Night in the Woods is a side scrolling adventure game revolving around a young college drop out named Mae. While this can sound boring from form a story telling perspective, the addition of a horror/supernatural element brings this game to whole new level.
Something unique that I haven’t seen implemented well until this game is the background / foreground mechanic. There are numerous chances to interact with objects that you may not realize right away due to how subtly it shifts between the two. This can get frustrating, especially when you’re trying to get to a specific place and the character isn’t cooperating. A lot of this is used to cover hidden areas and dialogue options with certain characters. The term ‘explore everything’ is not used lightly in case.
The game utilizes a triple jump mechanic as a means to getting our character to higher areas (boxes, rooftops, etc.). This isn’t a problem in and of itself, but it does get difficult to get a running start sometimes, which is required for the third higher jump to take place.
The majority of this game are the interactions you have with other people. We do get a couple of ‘action’ sequences that require timed hits, but they are few and far between.
At three times throughout the story we are treated to a rhythm mini game that affects certain pages within Mae’s journal. They aren’t very long but they are also the key to two separate trophies you can unlock; one for hitting 90% of all notes correctly and one for missing at least 50% of all notes.
Something that irritates me to no end is the checkpoint system. There is no way to go back once you hit a checkpoint. If you’ve missed a trophy, or maybe selected a different dialogue choice accidentally, you’re stuck with it. You have to reset the game before the checkpoint hits in order to replay that particular scene. If you mess up and the game does save before you can reset, you can’t go back and redo it without beginning an entirely new play through.
Graphics (Art Style)
Night in the Woods is incredibly unique in the way they chose to portray their characters. At first glance you think of a cartoon. Everything is very soft and childlike looking, especially with all of the characters being animals. It’s beautiful to look at and makes the story catch you even more off guard when things start to get real.
While there isn’t any offensive imagery, it does use things like pentagrams and other scribbles as well as contrasting colors and tones to get its point across. I really appreciate how they do this because it’s much creepier that way. Subtlety in horror is always preferable to graphic violence and gore in my opinion. They’re attempting to get a deep mental response from you rather than a knee jerk reaction like a lot of horror games are known to do.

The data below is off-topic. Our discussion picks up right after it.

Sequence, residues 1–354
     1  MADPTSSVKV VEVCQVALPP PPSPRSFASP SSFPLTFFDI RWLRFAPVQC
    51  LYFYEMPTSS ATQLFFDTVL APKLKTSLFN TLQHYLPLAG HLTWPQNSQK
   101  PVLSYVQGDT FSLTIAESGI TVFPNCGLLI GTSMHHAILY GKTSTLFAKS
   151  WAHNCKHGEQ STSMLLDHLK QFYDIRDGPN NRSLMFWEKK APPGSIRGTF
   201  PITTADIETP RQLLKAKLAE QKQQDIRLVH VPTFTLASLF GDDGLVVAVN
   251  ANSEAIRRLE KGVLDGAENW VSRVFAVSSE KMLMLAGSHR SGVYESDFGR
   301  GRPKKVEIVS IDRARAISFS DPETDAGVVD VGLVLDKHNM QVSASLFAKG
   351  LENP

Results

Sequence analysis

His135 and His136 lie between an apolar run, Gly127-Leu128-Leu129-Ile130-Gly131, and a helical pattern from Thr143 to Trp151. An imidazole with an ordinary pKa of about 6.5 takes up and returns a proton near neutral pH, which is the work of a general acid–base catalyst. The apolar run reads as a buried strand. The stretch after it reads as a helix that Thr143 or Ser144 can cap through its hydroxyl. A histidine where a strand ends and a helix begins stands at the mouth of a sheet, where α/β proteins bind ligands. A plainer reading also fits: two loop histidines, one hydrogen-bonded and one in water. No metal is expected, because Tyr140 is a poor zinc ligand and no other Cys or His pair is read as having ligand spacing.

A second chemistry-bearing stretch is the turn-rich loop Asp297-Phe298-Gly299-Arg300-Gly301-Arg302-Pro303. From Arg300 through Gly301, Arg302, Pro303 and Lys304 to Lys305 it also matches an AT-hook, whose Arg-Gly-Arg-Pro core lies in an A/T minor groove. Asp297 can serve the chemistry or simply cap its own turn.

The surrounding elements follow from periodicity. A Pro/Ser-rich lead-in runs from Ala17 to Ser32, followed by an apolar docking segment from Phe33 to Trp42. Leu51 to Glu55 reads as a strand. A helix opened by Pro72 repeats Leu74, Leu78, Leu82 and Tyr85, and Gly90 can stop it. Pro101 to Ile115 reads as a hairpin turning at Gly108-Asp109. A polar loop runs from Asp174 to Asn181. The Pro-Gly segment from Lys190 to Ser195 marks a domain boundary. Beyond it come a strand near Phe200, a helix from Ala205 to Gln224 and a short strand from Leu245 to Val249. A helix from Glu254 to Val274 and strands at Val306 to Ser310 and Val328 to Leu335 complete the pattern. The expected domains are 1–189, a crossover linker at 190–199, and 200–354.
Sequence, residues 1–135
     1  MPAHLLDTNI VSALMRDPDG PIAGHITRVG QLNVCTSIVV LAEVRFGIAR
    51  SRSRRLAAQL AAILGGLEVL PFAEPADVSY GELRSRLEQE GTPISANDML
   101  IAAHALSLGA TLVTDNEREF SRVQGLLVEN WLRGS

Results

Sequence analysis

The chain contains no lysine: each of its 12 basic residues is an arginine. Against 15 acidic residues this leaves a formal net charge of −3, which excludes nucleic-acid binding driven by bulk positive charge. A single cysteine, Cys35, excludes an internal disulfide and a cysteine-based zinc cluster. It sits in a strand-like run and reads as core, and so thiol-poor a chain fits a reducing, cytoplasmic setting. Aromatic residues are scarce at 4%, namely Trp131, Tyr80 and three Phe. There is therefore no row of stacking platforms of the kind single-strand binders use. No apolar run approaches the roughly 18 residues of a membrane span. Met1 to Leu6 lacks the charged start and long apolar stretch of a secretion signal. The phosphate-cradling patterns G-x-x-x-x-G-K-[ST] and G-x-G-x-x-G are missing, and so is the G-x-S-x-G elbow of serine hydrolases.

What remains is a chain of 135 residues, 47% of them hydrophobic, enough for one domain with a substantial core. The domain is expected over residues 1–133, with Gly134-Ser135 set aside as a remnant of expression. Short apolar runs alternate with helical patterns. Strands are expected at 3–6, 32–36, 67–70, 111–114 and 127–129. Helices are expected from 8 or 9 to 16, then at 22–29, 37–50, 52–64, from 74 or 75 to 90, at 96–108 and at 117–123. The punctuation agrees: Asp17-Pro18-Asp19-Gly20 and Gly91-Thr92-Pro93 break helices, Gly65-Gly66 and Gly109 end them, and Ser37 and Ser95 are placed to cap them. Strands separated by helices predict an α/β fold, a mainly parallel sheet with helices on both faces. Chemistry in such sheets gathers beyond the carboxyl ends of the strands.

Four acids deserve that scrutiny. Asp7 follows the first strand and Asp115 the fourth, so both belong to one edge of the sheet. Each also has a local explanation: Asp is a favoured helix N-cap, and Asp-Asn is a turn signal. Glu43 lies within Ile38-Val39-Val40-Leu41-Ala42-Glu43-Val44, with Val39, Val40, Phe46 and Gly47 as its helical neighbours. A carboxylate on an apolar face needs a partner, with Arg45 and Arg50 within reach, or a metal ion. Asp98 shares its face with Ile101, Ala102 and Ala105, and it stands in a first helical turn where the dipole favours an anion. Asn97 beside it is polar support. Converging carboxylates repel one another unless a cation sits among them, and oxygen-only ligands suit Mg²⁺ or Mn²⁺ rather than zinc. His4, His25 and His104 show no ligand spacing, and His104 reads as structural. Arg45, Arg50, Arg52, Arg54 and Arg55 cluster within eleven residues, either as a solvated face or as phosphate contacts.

I’ve said this before in other reviews, but games like this one are all about the story. Interactions and relationships with other characters are what can make or break a game, and with this one it makes it. So much depth is added to these cartoony animals within the first couple hours that you don’t want to stop playing.
Despite it looking like something a child might be drawn to, Night in the Woods touches on some very adult topics ranging from depression to cult sacrifice. Things get dark, and if that’s not something you can handle then you shouldn’t play.
We learn a bunch of stuff about Mae, and a lot of people, myself included, will be able to relate to the 20-year-old college dropout who doesn’t know where to go next in life. Even if Mae isn’t the one you attach to, I can almost guarantee you will find some character in this game that you understand (I personally love Lori M.).
They have an interesting take on religion that you don’t get to see very often in the gaming world. We have two very different extremes happening throughout the story; something akin to Christianity as well as something along the lines of the Occult. These are kept very separate but neither a bashed in a way you usually expect them to be. The actions people take based off of them are called into question, but the beliefs themselves are left alone for the most part.
Extras (Trophies, collectibles, etc.)
This right here is the most frustrating part of this game to me. There is a book of sketches that you can collect throughout the game depending on certain interactions you take part in. This by itself is fine. It gives you a reason to look over every nook and cranny. What’s irritating are the trophies.
They are incredibly vague. That is also fine, but the final trophy you can achieve is for collecting every sketch in one play through. This isn’t possible, at least, not right now. You aren’t able to go down every available story path in one playthrough which is required to get all of the sketches, so there isn’t any way that we know of right now to access this trophy.
It makes me wonder if one of two things are possible: this is a troll trophy that we were never meant to get, and that the developers put in so that we would keep playing their game. Or, they are planning on updating the game in the future so that it is possible to save your journal and take it through numerous play throughs without resetting it. Either way, this is infuriating to completionists like myself in every way imaginable.
I enjoyed the game very much. So much so that it may be one of my tops for this year. However, the trophy / collectible issue is disheartening and once I’ve written up all the blogs I have planned I’ll step away for a while. At least until someone figures out how to fix the problem.
If you enjoy a creepy horror story full of very real and complex characters then defiantly pick this up. It may look odd from the outside, but don’t let the cute animals fool you. It will take you for a ride.
Thanks so much for reading and I’ll see you later!